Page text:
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Fintech firms continue to shape the banking world

Fintech firms challenge legacy banking and its core functions like payments, lending, investing, assessing, scrutiny, money transfer, and advising.



Fintech firms have changed the way that the banking world is doing business. After the expected initial resistance by these traditional establishments, some of them are adopting this nascent technology. This is to either lure in new customers or keep their present ones—all of whom are comfortable doing simple everyday tasks like shopping and booking flights through apps.

According to Finance Magnates, one example is The Bank of America which has in its pipeline a drive-through app that can allow their bank account holders to communicate through video  with a teller while driving a car or in transit. Banking Tech reports that Citi Ventures is putting money in an A.I company to develop machine-learning security software that can protect their millions of bank clients from cyber threats.

On a larger scale, the nascent fintech market comprising mostly of young, enthusiastic entrepreneurs is introducing changes in the industry.Some entities in the segment call the emergence of the new, innovative financing firms as an “attack” on the banks, albeit a positive one, as this forces them to evolve, change customer-shooing policies, and rely heavily on Big Data like every industry is doing in this age of digitalization.

Global investment in fintech industries reached $5.3 billion in the first quarter of 2016. This is a 67 percent increase from the same time last year, says The Bangkok Post. The numbers will continue to rise up to $100 billion in investments by the year 2020.

fintech firms-continue-to-shape-the-banking-world

Financial technology has considerably eased banking processes today. (Source)

Among the leading “insurgents” of the sector are fintech firms Lending Club, Funding Circle, Nutmeg, Transfer Wise and Venmo. These companies are not only challenging the marketing aspect of legacy banking but banks’ core function as well. That includes payments, lending, investing, assessing, scrutiny, money transfer, and advising. The aforementioned fintech firms have offered never-before-seen-and-tested banking services. Peer-to-peer lending and crowdfunding are just some services established lenders never had.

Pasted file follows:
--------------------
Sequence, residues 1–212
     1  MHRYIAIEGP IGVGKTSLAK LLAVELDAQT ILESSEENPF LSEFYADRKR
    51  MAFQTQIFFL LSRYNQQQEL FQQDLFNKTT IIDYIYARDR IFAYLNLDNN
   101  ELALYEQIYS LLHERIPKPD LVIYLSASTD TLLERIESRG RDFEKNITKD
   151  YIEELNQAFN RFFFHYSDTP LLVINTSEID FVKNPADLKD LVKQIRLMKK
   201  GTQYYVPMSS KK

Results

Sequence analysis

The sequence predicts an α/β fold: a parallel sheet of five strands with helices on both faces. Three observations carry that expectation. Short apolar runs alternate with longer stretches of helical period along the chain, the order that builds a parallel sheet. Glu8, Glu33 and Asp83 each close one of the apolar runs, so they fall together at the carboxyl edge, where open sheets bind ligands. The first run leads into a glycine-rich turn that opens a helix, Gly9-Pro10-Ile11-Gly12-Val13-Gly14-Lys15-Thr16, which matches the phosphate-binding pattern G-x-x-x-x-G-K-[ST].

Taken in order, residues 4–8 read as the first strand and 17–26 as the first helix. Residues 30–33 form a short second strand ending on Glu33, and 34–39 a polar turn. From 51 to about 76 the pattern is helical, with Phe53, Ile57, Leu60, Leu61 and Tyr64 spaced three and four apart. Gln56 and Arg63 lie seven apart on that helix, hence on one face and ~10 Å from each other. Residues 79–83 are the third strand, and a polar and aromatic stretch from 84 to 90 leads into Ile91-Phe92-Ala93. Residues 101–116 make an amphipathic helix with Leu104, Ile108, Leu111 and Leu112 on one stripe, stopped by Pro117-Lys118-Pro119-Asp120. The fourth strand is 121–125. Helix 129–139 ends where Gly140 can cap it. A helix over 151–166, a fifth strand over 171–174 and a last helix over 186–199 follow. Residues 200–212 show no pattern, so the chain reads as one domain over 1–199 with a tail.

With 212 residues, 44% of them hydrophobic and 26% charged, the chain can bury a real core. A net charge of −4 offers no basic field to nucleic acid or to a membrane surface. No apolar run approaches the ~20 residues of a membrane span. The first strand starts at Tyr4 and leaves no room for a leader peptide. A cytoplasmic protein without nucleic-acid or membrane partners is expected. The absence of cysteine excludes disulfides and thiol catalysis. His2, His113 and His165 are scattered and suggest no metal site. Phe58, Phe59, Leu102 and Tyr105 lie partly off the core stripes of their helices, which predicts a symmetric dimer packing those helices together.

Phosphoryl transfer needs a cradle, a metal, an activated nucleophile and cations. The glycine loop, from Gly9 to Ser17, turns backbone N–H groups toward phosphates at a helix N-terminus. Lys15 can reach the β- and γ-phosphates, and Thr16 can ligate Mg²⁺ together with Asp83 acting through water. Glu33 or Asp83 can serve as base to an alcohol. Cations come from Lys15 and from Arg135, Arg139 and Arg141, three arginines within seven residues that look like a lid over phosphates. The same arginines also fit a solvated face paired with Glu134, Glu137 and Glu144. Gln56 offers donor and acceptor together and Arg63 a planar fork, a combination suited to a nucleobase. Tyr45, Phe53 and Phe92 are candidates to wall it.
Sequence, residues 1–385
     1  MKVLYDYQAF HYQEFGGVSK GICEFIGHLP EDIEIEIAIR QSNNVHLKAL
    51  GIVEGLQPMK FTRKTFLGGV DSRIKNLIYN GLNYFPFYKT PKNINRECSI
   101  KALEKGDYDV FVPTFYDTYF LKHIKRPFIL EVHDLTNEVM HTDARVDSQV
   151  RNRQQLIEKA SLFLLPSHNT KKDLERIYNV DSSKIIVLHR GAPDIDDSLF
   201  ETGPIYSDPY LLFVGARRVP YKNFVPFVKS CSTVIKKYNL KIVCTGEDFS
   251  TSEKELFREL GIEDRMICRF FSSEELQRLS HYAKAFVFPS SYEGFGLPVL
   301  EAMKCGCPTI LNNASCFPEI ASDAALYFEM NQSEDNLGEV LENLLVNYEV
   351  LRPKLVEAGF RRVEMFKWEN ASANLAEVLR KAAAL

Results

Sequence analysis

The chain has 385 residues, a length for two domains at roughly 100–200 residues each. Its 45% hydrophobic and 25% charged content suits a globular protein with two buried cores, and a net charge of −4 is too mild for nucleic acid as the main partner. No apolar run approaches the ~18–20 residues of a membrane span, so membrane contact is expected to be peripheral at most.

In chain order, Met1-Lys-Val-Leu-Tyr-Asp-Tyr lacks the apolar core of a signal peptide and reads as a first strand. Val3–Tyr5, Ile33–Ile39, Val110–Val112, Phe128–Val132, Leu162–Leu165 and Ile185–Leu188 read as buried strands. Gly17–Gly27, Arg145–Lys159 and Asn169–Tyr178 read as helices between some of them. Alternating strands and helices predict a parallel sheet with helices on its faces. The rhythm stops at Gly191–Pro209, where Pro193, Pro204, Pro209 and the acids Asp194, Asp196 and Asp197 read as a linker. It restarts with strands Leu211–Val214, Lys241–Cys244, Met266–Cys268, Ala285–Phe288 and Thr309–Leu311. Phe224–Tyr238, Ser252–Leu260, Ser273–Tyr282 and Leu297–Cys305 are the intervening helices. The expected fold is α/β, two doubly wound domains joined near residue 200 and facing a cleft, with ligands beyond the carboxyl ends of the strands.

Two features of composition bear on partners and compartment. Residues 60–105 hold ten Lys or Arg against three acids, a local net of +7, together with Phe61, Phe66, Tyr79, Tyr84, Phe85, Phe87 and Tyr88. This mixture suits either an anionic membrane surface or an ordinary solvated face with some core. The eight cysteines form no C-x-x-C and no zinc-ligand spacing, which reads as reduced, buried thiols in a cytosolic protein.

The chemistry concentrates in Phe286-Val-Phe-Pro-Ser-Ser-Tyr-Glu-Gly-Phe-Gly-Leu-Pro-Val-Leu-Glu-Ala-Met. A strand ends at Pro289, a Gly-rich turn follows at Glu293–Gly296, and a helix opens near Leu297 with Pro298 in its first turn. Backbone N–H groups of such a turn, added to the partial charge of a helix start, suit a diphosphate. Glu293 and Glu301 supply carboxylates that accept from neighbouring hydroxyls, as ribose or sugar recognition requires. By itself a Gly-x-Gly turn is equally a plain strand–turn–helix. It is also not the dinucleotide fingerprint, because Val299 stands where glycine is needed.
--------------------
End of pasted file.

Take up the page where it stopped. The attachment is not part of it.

Fintech firms’ competition

Still, fintech firms must also realize that these giant lenders could be their worse competitor. Big banks are learning the ins and outs of the niche by merging and acquiring successful fintech companies. Through this, they grasp what these small but successful firms are getting from the market since 2013.

Traditional banks have realized that a bank-fintech startup connection has immense potential for creating value for both sides. Banks gain innovation and technological flexibility, and startups are given the chance of leveraging the banks’ know-how and infrastructures to create suitable markets,” said Dr. Ron Weksler of Globes.

He adds, “This realization has resulted in the drawing up of several strategies, some of which the world’s top banks are already implementing. ‘If you can’t beat them, join them’ is as valid an adage in fintech as anywhere else”

In that regard, the sudden emergence of the fintech market will not only benefit the customers. It is also to the advantage of the entire lending and financing segment. The Economist said that what fintech firms need to do is cut costs and improve the quality of financial services, which they can freely do now as “they are unburdened by regulators, legacy IT systems, and branch networks.”

Hence, it has already happened. What the nascent fintech market has really done is to wake the already-comfortable big banks from the long slumber. Fintech firms showed them that there are still a lot more to improve in this giant industry. Perhaps, the most important of them is taking it back to what it used to and should be: customer-centric.


Suzanne Mitchell juggles the busy life of a full-time mom and entrepreneur while also being a writer-at-large for several business publications. Her work mostly covers the financial sector, including traditional and alternative investing. She shares reports and analyses on the real estate, fintech and cryptocurrency markets. She also likes to write about the health and biotech industry, in particular its intersection with clean water and cannabis. It is one of her goals to always share things of interest to women who want to make their mark in the world.